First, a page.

Coast elementary and high schools have spent the past three years rebuilding and repairing their facilities while also working to boost their enrollment numbers and personnel rolls. Some systems are using incentives and federal government grants to assist in recruiting and retaining teachers.
The Bay St. Louis-Waveland School District was one of the hardest hit by Katrina and was the last to resume classes after the 2005 storm, missing 70 days of school. Superintendent Dr. Kim Stasny says the district lost 30% of its staff and many students through relocations. The pre-Katrina student enrollment was 2,400 and to date stands at 1,650.
“The weeks following Katrina were the most horrendous I’ve ever spent,” she said. “There was no time off; it was pretty grueling. It was a good thing many of the staff relocated because we didn’t need them.”
The post-Katrina reality has brought about a new configuration of three elementary schools into two. The district is trying to rebuild destroyed facilities so students can get out of portable buildings. Construction of two new elementary schools is expected to begin in November with anticipated openings in the fall of 2010.
“We hope to open them on the fifth anniversary of Katrina,” Stasny said. “Three years ago, I never would have thought that would be possible. The new buildings will meet our needs and bring more parents back into the district. They have a reluctance to send children to the portable rooms. When bad weather happens, parents panic and I can understand that.”
She is also hoping to find funds to build another alternative school and a central office. A dispute between the insurance adjustor and the insurance company resulted in the district receiving a payment of only $13 million. That really hampers the district’s recovery.
Dr. Mike Ladner became superintendent of the Diocese of Biloxi Catholic Schools in May 2005. “No one could be prepared for what Hurricane Katrina did, but I spent 21 years in the Air Force and I’m thankful for it,” he says. “We had to re-open the schools. The Bishop said let’s get ‘er done, and we did.”
Out of 18 schools in six counties, five were destroyed and six were heavily damaged. Several others received some damage and took on varying amounts of water. The destruction started at St. Clare Elementary in Waveland where a 35-foot surge wiped it away and swept across the Coast to St. Peter Elementary in Pascagoula and destroyed it, 60 miles away. Catholic schools in Laurel and Hattiesburg were not spared damage either.
Adding it up
“The adjustors quit counting at $70 million,” Ladner said. “We were covered by carriers including Lloyd’s of London. We’re still adding up the costs as we continue rebuilding.”
The system had 4,600 students before Katrina, and is now at 98% of that enrollment. Following the storm, some teachers had to be let go, which Ladner describes as a painful part of the recovery. Elementary schools have merged in all three Coast counties. Katrina also expedited the merger of St. John and Mercy Cross high schools into the new St. Patrick High School, a merger that was already in the works.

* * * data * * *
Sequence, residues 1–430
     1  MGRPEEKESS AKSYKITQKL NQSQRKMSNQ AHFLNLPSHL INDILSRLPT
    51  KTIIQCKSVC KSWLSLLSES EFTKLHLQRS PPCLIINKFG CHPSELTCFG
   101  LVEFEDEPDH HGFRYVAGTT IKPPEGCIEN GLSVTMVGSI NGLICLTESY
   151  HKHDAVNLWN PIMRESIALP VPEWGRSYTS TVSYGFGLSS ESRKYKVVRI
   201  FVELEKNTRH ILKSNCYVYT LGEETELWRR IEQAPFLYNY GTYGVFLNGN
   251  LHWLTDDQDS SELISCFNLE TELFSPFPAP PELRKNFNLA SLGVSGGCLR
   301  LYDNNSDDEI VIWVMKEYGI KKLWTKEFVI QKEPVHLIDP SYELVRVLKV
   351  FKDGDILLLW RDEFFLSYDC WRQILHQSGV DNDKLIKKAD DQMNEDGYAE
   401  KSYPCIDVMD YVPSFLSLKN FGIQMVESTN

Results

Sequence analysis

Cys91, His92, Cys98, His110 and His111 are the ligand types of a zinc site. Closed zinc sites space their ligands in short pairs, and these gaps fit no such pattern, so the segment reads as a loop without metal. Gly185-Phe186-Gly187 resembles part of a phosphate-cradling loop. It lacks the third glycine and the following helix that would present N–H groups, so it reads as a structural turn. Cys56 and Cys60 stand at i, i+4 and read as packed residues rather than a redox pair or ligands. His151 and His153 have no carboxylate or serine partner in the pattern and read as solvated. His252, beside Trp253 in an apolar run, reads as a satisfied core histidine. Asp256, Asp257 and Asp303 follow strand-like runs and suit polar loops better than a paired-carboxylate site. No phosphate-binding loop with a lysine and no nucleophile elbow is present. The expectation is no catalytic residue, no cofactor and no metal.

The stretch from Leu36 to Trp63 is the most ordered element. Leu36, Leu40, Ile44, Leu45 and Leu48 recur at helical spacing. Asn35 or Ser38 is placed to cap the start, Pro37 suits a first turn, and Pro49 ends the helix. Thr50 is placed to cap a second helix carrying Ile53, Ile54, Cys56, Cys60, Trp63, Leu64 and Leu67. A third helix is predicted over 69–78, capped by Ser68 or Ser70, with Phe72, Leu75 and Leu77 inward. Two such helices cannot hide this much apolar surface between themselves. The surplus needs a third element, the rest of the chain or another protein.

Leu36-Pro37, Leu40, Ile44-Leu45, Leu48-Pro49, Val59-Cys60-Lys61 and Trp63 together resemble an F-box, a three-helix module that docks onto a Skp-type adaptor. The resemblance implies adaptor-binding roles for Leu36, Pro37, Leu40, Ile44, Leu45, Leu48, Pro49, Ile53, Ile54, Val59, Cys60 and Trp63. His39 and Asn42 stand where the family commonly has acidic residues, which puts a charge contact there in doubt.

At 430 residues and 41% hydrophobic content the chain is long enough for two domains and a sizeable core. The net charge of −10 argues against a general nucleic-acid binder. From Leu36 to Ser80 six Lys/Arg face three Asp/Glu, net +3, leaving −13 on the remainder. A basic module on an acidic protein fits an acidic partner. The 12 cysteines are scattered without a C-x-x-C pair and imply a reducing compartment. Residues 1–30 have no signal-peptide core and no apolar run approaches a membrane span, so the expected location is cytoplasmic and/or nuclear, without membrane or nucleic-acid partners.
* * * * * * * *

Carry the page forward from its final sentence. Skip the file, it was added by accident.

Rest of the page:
“The new state-of-the-art high school is going well. It is located out on Highway 605, eight miles from Interstate 10. There’s not much out there now, but they will have a lot of company in a few years,” Ladner said. “We’re not rebuilding any schools on the beach. We can’t put schools back in harm’s way.”
Cindy DeFrances, community relations coordinator for the Gulfport School District, says enrollment is slowly returning to the more than 6,000 students before Katrina. It now stands at 5,500.
“Our enrollment is expected to increase and we’re definitely recruiting teachers,” she said. “It is still difficult to find teachers, but we’re doing better. Math, science and special education are the most crucial, and there are some incentives for these highest needs fields.”
The Biloxi School District plans to make $15 million in improvements this year, including a new $10-million wing at Biloxi High School to accommodate the move of ninth-grade students from the junior high.
“Enrollment is at 4,500, slowly working its way back to the pre-Katrina level of 6,100,” said spokesman Vincent Creel. “The numbers are expected to increase significantly as Keesler Air Force Base brings more of its new housing online.”
He says the big questions remains for east Biloxi where few homes and businesses were left standing and rebuilding is slow. “The school board will probably have to look at its existing school attendance zones next year and consider adjustments accordingly,” he said.
In spite of Katrina’s destruction and the aftermath of rebuilding, Creel points out that Biloxi has the state’s highest rating, Level 5, and Biloxi High School was recognized as a Blue Ribbon School by the U.S. Department of Education.
Contact MBJ contributing writer Lynn Lofton at email@example.com.
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